Common causes of chest pain

Most chest pain is not heart-related and isn’t a sign of a life-threatening problem. Some common causes of chest pain are outlined below.

This information should give you an idea of whether these conditions may be causing your chest pain, but you should always seek medical advice to make sure you get a proper diagnosis.

Gastro-oesophageal reflux disease (GORD)

Gastro-oesophageal reflux disease is a common condition where acid from the stomach comes up into the oesophagus (gullet).

Common symptoms of GORD include:

  • burning chest pain (heartburn)
  • an unpleasant taste in the mouth caused by stomach acid coming back up into your mouth

These symptoms usually occur soon after you’ve eaten and get worse if you bend over or lie down.

GORD can often be treated by making lifestyle changes and, if necessary, using medication. Read more about treating GORD.

Bone or muscle problems

If your chest is painful and tender to touch, it may be caused by a strained muscle in your chest wall. This can be surprisingly painful, but with rest the pain should ease and the muscle will heal in time.

If you have pain, swelling and tenderness around your ribs, and the pain is made worse by lying down, breathing deeply, coughing or sneezing, you may have a condition called costochondritis.

This is caused by inflammation in the joints between the cartilage that joins the ribs to the breastbone (sternum).  The symptoms often improve after a few weeks and may be relieved by painkillers.

Anxiety and panic attacks

Some episodes of chest pain occur as part of an anxiety or panic attack.

In addition to chest pain and overwhelming feelings of anxiety, these attacks can cause symptoms such as heart palpitations, sweating, breathlessness and dizziness.

Most panic attacks last for 5 to 20 minutes. In the long-term, you may benefit from psychological therapy and medication, or both.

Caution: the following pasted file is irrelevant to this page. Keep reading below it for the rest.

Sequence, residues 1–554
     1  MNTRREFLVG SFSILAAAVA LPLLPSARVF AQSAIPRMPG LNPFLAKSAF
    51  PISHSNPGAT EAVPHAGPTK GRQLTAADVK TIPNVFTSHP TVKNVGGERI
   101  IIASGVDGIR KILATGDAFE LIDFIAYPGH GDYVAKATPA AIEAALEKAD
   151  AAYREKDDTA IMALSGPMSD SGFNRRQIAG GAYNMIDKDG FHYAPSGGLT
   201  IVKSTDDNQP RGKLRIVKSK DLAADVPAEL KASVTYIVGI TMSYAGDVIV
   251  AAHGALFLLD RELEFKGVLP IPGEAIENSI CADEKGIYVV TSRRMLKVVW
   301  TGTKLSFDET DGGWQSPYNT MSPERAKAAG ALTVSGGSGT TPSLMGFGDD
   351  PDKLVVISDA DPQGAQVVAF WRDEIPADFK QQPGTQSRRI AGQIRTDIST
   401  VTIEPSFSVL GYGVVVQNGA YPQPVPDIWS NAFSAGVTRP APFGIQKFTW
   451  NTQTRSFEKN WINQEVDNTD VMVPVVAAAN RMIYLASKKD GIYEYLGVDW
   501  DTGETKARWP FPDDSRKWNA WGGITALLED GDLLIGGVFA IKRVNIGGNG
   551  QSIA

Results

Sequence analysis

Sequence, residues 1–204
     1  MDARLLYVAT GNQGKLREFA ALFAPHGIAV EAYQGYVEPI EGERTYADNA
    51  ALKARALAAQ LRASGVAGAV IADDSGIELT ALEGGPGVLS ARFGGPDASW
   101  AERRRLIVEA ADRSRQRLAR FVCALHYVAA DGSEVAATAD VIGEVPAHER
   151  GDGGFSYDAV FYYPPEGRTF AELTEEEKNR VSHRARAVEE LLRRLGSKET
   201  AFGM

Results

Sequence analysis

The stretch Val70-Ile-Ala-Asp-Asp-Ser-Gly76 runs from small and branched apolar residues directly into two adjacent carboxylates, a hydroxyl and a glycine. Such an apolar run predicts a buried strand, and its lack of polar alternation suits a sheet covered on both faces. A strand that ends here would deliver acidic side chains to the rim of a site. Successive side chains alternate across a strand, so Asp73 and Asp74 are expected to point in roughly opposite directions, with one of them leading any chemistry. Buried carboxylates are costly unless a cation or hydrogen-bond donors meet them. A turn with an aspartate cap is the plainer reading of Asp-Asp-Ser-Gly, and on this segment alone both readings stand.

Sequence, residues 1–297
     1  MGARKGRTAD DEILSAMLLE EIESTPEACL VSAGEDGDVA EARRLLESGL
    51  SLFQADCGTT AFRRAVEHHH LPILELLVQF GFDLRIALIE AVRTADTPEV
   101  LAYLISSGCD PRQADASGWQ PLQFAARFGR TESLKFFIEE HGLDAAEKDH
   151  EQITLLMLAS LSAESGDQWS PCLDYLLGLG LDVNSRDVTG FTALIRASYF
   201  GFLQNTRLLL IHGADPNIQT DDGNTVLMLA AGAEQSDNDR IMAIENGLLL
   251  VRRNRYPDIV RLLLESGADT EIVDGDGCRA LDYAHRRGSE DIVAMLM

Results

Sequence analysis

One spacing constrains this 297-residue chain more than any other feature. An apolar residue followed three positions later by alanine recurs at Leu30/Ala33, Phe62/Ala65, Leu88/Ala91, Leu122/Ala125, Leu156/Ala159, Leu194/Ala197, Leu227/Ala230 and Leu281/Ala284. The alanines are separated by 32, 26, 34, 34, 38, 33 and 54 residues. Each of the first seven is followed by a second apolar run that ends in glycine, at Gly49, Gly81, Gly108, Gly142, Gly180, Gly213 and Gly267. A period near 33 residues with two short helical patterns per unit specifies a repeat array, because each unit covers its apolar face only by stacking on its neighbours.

Lung conditions

If you have sharp chest pain that gets worse when you breathe in and out, and is accompanied by other symptoms such as a cough and breathlessness, it may be caused by a condition affecting the lungs or surrounding tissue, such as:

  • pneumonia – inflammation of the lungs, usually caused by an infection
  • pleurisy – inflammation of the membrane surrounding the lungs, also usually caused by an infection

Mild cases of pneumonia can usually be treated with antibiotics, rest and fluids. For people with other health conditions, the condition can be severe and they may need to be treated in hospital.

Treatment for pleurisy will depend on the underlying cause. Pleurisy caused by a viral infection will often resolve without needing treatment, whereas pleurisy caused by a bacterial infection will usually need to be treated with antibiotics.

Again, people who are frail or already in poor health may need to be admitted to hospital for treatment.

Other possible causes of chest pain

There are many other potential causes of chest pain, including:

  • shingles – a viral infection of a nerve and the area of skin around it, which causes a painful rash that develops into itchy blisters
  • mastitis – pain and swelling of the breast, which is usually caused by an infection, most commonly during breastfeeding
  • acute cholecystitis – inflammation of the gallbladder, which can cause a sudden sharp pain in the upper right side of your tummy that spreads towards your right shoulder
  • stomach ulcers – a break in the lining of the stomach, which can cause a burning or gnawing pain in your tummy